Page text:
I Am A Needy Man
“I am a needy man.” I’ve fought against that truth most of my adult life.
Little boys (and girls) realize that they are needy. When I was a little boy, the expression of my neediness was raw and unfiltered. Back then, the style of expressing neediness was crying or yelling.
Then I learned how unacceptable that was – so performing and complying became my new strategy for meeting my deepest needs. Very often, those needs were not met.
In A Little Book On The Human Shadow author Robert Bly states: “When we were one or two years old we had what we might visualize as a 360-degree personality. Energy radiated out from all parts of our body and all parts of our psyche. A child running is a living globe of energy.We had a ball of energy, all right; but one day we noticed that our parents didn’t like certain parts of that ball.”
Bly states that we stuff that energy into an invisible bag that we drag behind us. That’s where the shadow goes. Unfortunately, the shadow comes roaring back like a monster. I start believing things about myself that aren’t true.
My solution (and what I see in the world) is to puff myself up, to make myself look strong and intimidating, which is what primitive tribes do. As mentioned in the T-Bone Burnett’s song, Primitives (from the excellent album The Criminal Under My Own Hat):
Primitives dress in feathers and masks
To scare away their enemies
The frightening thing is not dying
The frightening thing is not living
Remember the movie Karate Kid? Other men may believe and practice what Kreese, the Sensei of the Cobra Kai Dojo tells his students: “We do not train to be merciful here. Mercy is for the weak. Here, in the streets, in competition: A man confronts you, he is the enemy. An enemy deserves no mercy.”
Primitive or No Mercy. Whatever way we choose – it is frightening.
However, there is another way: Becoming a needy man.
Healthy neediness is coupled with healthy vulnerability.
Vulnerability is defined as “the quality or state of being exposed to the possibility of being attacked or harmed, either physically or emotionally.” Wow. No wonder I don’t want to be vulnerable – who wants the possibility of being attacked or harmed in any way? Especially when, in my life, that HAS happened. I’m willing to bet it has happened in your life. too.
Our only solution to regain that neediness/vulnerability is desperate surrender.
In the Bible, many people who encountered Jesus were desperate for healing of themselves or loved ones. They exhibited a desperate surrender that showcased their neediness. Like the needy father who brought his demon possessed son to Jesus in Mark 9:15-30.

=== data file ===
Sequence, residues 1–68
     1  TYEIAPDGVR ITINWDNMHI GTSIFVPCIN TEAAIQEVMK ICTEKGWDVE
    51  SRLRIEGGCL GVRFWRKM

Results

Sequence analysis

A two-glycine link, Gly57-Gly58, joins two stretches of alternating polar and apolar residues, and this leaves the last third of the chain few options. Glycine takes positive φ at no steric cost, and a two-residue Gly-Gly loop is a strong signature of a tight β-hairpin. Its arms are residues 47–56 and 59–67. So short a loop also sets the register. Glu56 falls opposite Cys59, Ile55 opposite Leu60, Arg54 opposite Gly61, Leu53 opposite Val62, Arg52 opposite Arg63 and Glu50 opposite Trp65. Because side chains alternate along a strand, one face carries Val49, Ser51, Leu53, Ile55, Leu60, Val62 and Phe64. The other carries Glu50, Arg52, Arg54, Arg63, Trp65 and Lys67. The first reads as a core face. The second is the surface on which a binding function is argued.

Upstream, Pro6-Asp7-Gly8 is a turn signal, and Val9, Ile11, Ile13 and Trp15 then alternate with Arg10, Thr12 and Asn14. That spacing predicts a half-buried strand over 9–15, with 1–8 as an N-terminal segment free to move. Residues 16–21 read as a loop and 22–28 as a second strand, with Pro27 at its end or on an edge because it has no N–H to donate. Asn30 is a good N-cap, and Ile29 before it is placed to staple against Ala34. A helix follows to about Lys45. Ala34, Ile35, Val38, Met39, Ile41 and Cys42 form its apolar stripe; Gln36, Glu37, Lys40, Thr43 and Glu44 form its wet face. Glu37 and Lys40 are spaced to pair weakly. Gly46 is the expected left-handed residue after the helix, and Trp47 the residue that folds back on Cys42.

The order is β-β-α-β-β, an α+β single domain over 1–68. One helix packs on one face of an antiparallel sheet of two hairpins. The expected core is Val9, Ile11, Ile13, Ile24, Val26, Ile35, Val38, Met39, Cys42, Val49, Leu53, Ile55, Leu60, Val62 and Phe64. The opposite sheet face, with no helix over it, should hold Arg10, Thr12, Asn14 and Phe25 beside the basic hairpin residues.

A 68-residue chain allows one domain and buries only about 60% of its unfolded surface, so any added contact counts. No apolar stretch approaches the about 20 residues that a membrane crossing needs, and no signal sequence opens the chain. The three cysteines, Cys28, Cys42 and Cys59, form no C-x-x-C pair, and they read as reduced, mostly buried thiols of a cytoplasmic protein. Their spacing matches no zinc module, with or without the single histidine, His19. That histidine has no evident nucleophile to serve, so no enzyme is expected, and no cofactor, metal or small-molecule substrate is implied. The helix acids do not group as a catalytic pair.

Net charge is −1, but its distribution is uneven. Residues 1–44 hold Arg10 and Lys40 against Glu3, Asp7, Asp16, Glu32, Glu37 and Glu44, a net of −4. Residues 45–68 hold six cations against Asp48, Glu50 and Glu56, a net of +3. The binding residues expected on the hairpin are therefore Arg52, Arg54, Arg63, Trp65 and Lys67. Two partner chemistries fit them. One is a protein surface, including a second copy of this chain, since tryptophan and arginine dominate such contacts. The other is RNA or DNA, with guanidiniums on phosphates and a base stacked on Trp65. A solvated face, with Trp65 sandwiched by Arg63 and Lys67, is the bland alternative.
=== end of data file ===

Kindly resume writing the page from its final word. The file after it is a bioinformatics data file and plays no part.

The boy’s father told Jesus, “Have mercy on us and help us, if you can.”
“What do you mean, ‘If I can’?” Jesus asked. “Anything is possible if a person believes. “
The father instantly cried out, “I do believe, but help my overcome my unbelief!”
This father realized that even his belief in what Jesus could do was messed up. He surrenders his neediness vulnerably to Jesus because he was desperate to see healing.
Author Marion Woodman writes, “At the very point of vulnerability is where the surrender takes place — that is where God enters. God comes through the wound.” Scripture is filled with this “secret.”
- In 2 Corinthians 12:10, Paul states “When I am weak, then He is strong.”
- Peter echoes Isaiah by recognizing “By His wounds, you are healed’ in 1 Peter 2:24.
- Jesus models neediness of his Father and shows vulnerability, even as he dies on the cross.
God comes through the wound. It’s where we learn what love really is. It’s where we get healing.
Shutting out being needy and vulnerable shuts us out of love.
“To love at all is to be vulnerable. Love anything and your heart will be wrung and possibly broken. If you want to make sure of keeping it intact you must give it to no one, not even an animal. Wrap it carefully round with hobbies and little luxuries; avoid all entanglements. Lock it up safe in the casket or coffin of your selfishness. But in that casket, safe, dark, motionless, airless, it will change. It will not be broken; it will become unbreakable, impenetrable, irredeemable. To love is to be vulnerable.”
– C.S. Lewis, The Four Loves
- We need to be vulnerable to love others, but also we learn to love ourselves – and that needy little boy.
- I need you men in this safe community to allow me to share my neediness.
- I need to tell you, “I am a needy man.”
- Please tell me the same.
By Tim White
Tim completed his initial weekend in 2013. He has staffed many weekends and leads L.I.F.E. Recovery for men at Willow Creek Crystal Lake. With an M.Div from Bethel Seminary, he’s a former senior pastor and now pastoral coach. Tim fulfills his mission by guiding men to greater connection through vulnerable transparency. TimWhiteCoaching.com
Photo Credit: Provided by Tim White